Inside is fine. The toilet is good (got a heated seat!) There are no carpets, which makes my life very easy. The doors are automatic or left open. It's split level but we've got a ramp that I can use to get to the lower level, if I want to. I don't usually bother though. The ramp is very close to the edge and I'm rather protective of my knuckles... and Liggy could only go down and not up, as she's on my left and the ramp touches the wall on one side. But if I really needed it, Neil could shuffle it around a bit and it would do its job.

Perception

I'll be honest, the only place where I feel really equal in terms of perception is at work... well, and at home. Home should be a given though. At work, people just treat me exactly the same as everyone else. They expect equal standards from me. That was the same in my previous job too. It's sometimes harder to get the right job as a wheelie, but once in, the chair makes no difference at all.

Out and about, shopping, eating out, etc. I usually feel equal. Sometimes people will give the impression that I'm less until they talk to me or get up close but then they realise I'm okay. It's just my legs aren't so good. The exception is when my tremor is bad. Then sometimes people think I'm drunk or terribly nervous. That doesn't make me feel very equal but I can understand it. If they hang around long enough or if they ask, I'll explain that it's a neurological movement disorder. I sometimes explain it as being Parkinsons in reverse. Essential tremor is when using the limb, Parkinsons when resting... also less harmful, but just as embarrassing.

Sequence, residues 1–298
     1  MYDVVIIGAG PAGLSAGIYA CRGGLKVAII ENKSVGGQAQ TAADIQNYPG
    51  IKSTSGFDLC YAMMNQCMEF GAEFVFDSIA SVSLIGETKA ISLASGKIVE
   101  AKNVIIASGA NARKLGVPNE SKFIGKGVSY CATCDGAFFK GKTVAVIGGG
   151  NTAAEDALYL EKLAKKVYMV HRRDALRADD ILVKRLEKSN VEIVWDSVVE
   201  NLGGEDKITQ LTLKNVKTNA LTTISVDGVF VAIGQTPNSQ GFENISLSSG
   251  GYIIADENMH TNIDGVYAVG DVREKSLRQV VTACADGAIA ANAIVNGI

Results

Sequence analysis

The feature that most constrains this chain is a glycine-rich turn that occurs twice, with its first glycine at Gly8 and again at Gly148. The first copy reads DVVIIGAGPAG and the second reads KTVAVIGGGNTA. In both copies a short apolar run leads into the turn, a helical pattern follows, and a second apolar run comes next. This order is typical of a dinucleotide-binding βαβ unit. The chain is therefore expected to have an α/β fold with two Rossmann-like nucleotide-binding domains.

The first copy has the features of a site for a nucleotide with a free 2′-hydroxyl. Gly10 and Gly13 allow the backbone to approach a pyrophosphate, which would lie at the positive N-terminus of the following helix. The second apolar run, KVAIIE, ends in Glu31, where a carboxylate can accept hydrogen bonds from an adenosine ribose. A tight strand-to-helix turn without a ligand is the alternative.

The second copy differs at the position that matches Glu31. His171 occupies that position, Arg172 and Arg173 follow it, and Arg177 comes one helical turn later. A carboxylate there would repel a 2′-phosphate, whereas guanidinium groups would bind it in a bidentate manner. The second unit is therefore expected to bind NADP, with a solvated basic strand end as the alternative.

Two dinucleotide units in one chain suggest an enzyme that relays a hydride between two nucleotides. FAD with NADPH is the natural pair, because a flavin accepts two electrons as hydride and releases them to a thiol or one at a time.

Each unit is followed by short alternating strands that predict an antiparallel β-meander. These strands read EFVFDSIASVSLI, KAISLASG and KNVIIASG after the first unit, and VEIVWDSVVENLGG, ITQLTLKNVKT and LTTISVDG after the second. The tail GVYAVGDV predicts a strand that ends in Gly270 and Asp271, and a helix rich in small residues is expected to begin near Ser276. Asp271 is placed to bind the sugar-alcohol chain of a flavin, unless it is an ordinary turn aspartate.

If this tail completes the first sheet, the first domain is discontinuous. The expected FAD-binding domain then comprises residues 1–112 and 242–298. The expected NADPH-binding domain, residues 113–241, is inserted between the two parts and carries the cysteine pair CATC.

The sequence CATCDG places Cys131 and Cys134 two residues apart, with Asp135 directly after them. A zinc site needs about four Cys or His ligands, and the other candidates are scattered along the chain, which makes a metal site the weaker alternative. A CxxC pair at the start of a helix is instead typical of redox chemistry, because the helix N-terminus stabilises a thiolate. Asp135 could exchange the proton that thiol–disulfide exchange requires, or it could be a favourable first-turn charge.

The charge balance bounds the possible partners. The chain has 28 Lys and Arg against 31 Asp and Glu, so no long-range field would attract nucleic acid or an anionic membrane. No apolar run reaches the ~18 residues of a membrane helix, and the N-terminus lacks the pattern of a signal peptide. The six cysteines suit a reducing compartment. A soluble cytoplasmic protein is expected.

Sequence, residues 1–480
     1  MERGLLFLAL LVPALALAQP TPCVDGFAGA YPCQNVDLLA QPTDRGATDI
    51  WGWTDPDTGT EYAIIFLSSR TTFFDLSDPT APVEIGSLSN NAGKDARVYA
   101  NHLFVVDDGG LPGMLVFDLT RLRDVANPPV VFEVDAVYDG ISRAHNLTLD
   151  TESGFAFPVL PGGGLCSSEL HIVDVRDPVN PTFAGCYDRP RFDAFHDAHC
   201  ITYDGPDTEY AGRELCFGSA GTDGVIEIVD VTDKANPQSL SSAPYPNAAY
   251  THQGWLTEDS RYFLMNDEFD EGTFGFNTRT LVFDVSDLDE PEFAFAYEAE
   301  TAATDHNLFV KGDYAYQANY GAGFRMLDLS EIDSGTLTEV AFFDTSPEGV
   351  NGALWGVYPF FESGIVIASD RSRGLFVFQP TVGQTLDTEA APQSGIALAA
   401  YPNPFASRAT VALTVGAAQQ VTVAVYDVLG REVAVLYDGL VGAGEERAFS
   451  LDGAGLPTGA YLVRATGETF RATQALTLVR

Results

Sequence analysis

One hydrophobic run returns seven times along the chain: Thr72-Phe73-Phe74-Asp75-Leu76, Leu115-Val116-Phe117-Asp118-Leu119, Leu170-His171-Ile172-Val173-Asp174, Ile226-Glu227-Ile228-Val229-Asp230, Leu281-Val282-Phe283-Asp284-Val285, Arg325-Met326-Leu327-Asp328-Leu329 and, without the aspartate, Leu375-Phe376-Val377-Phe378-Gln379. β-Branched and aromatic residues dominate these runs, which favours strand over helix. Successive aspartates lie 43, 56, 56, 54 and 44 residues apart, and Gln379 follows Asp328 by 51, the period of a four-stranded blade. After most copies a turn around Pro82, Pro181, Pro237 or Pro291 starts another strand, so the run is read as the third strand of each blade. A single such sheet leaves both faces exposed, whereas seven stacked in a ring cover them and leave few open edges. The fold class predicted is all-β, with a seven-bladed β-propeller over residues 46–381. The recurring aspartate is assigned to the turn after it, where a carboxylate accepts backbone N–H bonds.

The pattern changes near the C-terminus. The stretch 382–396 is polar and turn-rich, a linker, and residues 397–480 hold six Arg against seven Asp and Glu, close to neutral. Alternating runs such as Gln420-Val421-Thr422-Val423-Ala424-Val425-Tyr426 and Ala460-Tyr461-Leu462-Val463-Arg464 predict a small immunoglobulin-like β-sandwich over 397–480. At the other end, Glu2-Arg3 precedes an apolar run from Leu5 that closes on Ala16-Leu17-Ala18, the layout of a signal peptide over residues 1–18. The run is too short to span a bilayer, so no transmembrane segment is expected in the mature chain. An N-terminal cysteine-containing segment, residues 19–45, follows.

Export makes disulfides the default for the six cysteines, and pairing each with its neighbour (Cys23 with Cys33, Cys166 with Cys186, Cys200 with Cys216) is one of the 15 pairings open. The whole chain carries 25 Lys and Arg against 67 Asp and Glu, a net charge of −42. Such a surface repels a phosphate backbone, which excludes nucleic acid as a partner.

In church, some people treat me like a normal person. They don't assume I need help with everything or that life must be terribly difficult. Others... I'm not so sure. I still occasionally get people expressing surprise or shock that I actually have a job. I get people assuming that if Neil is not with me, it must be more difficult. I get people assuming that moving around is difficult or slow. I try to be patient but it's frustrating how little they really know me. Again, it's all motivated by love but the message is that I am somehow less of a person.

Space

Space can be connected with access but I don't mean that kind of space. Personal space is important too. This is where I admit, I'm not equal. I take up more space than a non-wheelie without a dog. Wherever I go, I take up more space. If I go out for dinner, I need two spaces - enough for a wide chair and Liggy's bed. In church, I need enough space to sit comfortably but also space to move... to go to the loo... to get a coffee, etc.